RABAT, Morocco (AP) – Moroccan police have dismantled a terrorist network, arresting 17 people, including two former prisoners at the U.S. base in Guantanamo Bay, Cuba, the official MAP news agency reported. At least some of the suspects were linked to al-Qaeda in Iraq.
Brahim Benchekroun and Mohammed Mazouz, among five Moroccans freed from Guantanamo Bay in August 2004, were among the suspects, the news agency said Sunday.
They were arrested Nov. 11 at their homes in connection with a probe into al-Qaeda, a Moroccan security official said, The official, not authorized to speak publicly, asked not to be identified by name.
Information about the network, dismantled before it was fully structured, remained sketchy, and it was unclear when the 15 other arrests were made.
The top two suspects, Khaled Azig and Mohamed R”ha, were recruiting extremists for their cause, MAP quoted police as saying. Members of the network had links with small groups on the Iraqi border and close ties to leading members of the al-Qaeda terror network, MAP reported.
No details were provided, including the exact nature of the link to al-Qaeda.
Al-Qaeda in Iraq is reportedly holding two Moroccan Embassy employees, Abdelkarim el-Mouhafidi and his driver, Abderrahim Boualam. They disappeared Oct. 20 while driving to Baghdad from Jordan.
Morocco”s intelligence services have been tracking Azig, one of the two lead suspects in the network, since March. A Moroccan, he once studied theology in Syria and made frequent trips to Turkey, but returned to Morocco in June, MAP quoted police as saying.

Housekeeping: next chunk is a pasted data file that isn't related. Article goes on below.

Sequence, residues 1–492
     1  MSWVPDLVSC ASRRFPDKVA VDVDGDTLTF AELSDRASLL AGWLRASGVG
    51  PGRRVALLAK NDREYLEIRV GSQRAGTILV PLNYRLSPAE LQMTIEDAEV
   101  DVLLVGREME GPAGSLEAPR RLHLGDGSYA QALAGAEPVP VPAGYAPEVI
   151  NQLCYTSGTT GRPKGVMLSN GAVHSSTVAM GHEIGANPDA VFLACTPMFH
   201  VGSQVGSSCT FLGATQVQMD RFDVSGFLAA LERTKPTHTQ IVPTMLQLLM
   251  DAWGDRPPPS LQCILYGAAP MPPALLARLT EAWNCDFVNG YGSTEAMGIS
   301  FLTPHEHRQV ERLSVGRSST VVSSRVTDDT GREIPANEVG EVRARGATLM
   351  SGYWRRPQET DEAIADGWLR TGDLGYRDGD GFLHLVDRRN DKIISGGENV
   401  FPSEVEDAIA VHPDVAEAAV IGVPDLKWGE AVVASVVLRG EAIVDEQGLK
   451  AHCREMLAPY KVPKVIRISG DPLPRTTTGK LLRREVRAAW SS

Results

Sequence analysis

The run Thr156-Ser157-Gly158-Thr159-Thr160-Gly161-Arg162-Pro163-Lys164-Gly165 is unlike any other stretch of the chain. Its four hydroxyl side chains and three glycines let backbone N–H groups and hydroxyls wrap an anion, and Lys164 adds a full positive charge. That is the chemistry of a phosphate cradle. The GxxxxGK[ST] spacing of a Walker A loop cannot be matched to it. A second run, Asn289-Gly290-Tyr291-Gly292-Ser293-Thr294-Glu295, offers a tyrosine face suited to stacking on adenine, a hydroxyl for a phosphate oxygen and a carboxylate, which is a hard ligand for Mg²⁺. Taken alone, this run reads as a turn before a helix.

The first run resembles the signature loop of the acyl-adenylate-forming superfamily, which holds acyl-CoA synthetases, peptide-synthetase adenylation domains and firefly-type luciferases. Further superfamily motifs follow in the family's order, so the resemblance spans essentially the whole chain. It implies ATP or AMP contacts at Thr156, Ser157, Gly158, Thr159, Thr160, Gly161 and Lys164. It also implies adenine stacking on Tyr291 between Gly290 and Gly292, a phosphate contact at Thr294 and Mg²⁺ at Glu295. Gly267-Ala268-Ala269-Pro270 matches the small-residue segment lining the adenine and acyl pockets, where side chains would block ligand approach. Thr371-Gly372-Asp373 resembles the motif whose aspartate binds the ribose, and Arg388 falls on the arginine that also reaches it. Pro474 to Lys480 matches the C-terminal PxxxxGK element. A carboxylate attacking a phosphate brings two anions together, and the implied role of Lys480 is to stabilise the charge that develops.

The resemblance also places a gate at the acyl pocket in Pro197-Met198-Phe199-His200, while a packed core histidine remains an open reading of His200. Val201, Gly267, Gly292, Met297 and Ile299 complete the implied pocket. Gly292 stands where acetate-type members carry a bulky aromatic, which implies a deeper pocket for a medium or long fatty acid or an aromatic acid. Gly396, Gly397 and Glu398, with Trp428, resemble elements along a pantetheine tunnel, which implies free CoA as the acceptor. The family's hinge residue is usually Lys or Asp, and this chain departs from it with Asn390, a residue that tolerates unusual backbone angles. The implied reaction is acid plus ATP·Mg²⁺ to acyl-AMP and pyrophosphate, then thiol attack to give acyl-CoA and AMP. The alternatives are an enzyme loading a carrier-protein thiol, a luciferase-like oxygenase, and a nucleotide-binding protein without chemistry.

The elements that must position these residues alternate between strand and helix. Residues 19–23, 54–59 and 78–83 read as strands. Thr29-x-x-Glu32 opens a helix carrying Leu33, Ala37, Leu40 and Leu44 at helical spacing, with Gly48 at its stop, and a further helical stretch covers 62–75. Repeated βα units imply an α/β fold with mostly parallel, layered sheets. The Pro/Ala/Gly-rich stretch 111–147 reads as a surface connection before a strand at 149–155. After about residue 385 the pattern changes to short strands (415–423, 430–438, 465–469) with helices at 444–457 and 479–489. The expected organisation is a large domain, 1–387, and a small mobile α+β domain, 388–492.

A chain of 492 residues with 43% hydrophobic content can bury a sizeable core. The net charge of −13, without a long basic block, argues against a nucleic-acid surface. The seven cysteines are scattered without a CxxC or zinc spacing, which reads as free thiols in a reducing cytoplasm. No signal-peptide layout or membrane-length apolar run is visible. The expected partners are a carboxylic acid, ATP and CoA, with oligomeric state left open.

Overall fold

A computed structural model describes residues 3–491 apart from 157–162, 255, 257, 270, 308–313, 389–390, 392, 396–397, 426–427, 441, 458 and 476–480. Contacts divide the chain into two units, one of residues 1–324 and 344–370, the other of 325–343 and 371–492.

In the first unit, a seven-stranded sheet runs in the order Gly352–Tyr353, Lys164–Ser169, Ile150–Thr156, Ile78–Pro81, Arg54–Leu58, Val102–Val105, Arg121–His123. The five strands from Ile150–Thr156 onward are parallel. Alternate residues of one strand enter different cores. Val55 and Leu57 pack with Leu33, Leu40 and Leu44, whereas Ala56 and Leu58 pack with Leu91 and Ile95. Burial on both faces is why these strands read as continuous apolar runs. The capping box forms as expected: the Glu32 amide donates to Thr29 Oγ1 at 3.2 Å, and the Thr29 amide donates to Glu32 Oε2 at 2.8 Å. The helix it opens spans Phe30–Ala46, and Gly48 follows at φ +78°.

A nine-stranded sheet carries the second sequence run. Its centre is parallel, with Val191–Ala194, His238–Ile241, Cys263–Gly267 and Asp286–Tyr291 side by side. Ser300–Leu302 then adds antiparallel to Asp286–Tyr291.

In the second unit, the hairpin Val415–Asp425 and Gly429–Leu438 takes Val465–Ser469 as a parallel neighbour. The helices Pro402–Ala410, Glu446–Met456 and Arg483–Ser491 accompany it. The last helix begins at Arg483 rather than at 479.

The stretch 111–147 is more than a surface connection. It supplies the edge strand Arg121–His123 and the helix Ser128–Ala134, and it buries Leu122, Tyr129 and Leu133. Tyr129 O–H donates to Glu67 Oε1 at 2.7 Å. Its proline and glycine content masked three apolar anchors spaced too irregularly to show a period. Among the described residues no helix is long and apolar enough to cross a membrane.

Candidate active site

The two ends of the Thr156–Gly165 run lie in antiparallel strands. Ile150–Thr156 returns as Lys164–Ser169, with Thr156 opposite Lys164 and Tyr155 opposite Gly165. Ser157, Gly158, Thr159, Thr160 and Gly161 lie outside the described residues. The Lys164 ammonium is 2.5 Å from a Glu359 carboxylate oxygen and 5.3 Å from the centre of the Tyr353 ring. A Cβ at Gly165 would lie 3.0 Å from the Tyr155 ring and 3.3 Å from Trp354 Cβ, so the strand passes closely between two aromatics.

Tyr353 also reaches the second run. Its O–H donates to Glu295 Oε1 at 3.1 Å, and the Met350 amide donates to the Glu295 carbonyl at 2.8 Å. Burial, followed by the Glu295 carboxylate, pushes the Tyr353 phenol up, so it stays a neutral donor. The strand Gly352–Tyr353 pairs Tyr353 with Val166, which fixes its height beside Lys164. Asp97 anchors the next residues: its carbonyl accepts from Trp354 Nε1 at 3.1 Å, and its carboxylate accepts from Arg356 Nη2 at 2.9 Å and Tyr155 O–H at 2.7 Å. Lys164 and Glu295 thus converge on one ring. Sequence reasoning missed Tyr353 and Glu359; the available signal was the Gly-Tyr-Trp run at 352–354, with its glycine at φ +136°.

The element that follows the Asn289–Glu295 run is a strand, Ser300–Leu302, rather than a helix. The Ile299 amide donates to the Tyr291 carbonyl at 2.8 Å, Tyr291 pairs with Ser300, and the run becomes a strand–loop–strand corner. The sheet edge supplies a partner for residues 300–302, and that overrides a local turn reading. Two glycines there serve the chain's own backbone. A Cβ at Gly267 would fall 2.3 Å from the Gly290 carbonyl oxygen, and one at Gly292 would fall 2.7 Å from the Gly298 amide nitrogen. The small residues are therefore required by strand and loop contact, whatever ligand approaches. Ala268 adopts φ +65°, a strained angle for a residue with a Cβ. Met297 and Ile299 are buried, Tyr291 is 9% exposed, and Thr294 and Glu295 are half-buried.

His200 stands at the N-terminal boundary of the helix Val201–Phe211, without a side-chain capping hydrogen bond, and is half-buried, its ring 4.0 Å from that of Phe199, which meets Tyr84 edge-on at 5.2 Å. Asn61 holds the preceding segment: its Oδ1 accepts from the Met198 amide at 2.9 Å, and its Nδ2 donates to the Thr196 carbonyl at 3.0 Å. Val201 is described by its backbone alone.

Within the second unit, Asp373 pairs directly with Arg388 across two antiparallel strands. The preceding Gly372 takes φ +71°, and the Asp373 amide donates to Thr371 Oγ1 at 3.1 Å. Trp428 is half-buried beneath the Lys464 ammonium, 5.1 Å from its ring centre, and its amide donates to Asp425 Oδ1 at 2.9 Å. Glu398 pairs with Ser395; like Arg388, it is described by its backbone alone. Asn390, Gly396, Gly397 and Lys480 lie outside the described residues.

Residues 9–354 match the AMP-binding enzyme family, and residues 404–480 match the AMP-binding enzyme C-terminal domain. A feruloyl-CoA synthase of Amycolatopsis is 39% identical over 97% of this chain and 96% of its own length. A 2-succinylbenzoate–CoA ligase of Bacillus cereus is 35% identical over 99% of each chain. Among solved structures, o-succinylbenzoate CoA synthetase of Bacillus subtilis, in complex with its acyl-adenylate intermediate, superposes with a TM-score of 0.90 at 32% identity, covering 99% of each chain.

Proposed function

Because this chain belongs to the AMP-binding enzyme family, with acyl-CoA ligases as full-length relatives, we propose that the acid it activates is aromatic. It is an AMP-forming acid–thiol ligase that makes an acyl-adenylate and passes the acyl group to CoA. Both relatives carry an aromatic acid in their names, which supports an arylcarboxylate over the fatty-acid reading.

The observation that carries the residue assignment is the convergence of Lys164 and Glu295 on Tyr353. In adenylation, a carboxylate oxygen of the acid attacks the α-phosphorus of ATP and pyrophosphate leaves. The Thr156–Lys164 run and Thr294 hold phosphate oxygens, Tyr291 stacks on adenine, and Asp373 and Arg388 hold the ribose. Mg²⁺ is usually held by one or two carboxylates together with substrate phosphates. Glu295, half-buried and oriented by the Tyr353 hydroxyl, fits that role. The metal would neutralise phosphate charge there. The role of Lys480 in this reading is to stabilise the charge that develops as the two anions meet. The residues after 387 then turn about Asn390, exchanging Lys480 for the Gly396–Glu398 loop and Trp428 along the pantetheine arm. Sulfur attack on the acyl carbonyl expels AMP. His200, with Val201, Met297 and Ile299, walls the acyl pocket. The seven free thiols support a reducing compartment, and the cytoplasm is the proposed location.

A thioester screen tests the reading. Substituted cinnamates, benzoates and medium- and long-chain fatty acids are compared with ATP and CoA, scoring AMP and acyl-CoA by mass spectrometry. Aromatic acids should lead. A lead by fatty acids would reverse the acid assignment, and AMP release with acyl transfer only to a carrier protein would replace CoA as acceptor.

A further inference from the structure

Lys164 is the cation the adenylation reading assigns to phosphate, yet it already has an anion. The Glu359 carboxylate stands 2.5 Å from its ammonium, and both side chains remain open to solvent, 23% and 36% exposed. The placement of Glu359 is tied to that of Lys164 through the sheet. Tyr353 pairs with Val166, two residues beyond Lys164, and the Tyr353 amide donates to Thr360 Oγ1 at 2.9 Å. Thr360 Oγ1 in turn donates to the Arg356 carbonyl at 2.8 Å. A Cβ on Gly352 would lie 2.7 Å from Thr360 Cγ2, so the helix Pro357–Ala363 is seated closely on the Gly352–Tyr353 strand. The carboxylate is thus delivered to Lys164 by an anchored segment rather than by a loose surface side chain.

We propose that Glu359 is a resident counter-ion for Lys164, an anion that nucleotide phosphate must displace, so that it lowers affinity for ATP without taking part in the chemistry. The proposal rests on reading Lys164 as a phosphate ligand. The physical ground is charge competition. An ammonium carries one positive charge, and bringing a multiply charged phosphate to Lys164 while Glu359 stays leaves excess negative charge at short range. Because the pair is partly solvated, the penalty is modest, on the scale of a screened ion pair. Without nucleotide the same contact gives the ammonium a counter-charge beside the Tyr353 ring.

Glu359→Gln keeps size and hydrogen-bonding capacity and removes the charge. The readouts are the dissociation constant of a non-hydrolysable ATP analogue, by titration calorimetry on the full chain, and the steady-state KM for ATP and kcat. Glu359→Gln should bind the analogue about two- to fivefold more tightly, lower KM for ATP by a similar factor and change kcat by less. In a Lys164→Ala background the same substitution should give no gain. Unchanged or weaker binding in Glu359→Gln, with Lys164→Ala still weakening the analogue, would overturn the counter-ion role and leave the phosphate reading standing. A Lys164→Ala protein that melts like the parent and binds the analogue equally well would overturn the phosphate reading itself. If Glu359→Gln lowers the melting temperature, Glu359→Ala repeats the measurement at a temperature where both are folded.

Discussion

Azig was joined on Sept. 29 by R”ha, a Belgian of Moroccan origin known to have close ties with North Africans in Europe. He also had made trips to Syria, MAP reported. The two men were in the process of recruiting Islamic extremists when their efforts were cut short by the arrests, the agency said.
Benchekroun and Mazouz, the former Guantanamo prisoners, were among those being recruited, police told the news agency.
Arrested in Pakistan and Afghanistan in late 2001, they were among five Moroccans accused of taking training courses in how to handle firearms and make explosives.
A suspected former bodyguard of al-Qaeda leader Osama bin Laden, Abdellah Tabarak, was one of the five released.
Turned over to Moroccan authorities in August 2004, after two years and eight months in the U.S. detention camp, the five were given provisional freedom. The five all face trial.
Morocco has been tracking Islamic extremists since bombing attacks in Casablanca in 2003 killed 45 people, 13 of them suicide bombers. The Moroccan Islamic Combatant Group is suspected in the bombings that authorities have said were linked to al-Qaeda.
The arrests were announced hours after French Interior Minister Nicolas Sarkozy concluded a meeting with his Moroccan counterpart, Mustapha Sahel, devoted mainly to the fight against terrorism.